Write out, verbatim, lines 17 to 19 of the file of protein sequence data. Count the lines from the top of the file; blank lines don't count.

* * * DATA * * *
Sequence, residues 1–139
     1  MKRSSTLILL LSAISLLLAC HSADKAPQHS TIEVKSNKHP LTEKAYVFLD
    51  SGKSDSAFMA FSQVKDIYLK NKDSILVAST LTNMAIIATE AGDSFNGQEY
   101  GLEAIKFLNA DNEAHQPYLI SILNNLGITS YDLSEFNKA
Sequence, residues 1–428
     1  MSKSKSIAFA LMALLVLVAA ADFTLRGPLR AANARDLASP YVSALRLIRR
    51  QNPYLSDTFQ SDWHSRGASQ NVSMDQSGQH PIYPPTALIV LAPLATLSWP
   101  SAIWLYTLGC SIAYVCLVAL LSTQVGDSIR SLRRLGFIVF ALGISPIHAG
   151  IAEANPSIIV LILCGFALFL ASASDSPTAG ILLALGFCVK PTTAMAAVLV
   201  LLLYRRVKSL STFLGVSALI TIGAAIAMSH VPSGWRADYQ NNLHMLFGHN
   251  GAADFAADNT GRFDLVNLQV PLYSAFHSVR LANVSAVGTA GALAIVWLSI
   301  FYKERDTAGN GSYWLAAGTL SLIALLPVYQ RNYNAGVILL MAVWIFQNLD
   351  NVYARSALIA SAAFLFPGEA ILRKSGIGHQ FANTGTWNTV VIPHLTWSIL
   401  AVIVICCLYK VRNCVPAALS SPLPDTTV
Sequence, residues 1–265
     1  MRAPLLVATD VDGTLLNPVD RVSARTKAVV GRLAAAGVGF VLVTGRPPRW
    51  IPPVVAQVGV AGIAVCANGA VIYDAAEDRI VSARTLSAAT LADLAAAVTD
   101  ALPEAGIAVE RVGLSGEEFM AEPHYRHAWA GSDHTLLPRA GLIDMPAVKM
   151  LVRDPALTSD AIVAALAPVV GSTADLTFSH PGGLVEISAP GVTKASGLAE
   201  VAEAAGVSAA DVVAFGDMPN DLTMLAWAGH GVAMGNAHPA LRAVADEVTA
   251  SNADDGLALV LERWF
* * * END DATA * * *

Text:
    51  IPPVVAQVGV AGIAVCANGA VIYDAAEDRI VSARTLSAAT LADLAAAVTD
   101  ALPEAGIAVE RVGLSGEEFM AEPHYRHAWA GSDHTLLPRA GLIDMPAVKM
   151  LVRDPALTSD AIVAALAPVV GSTADLTFSH PGGLVEISAP GVTKASGLAE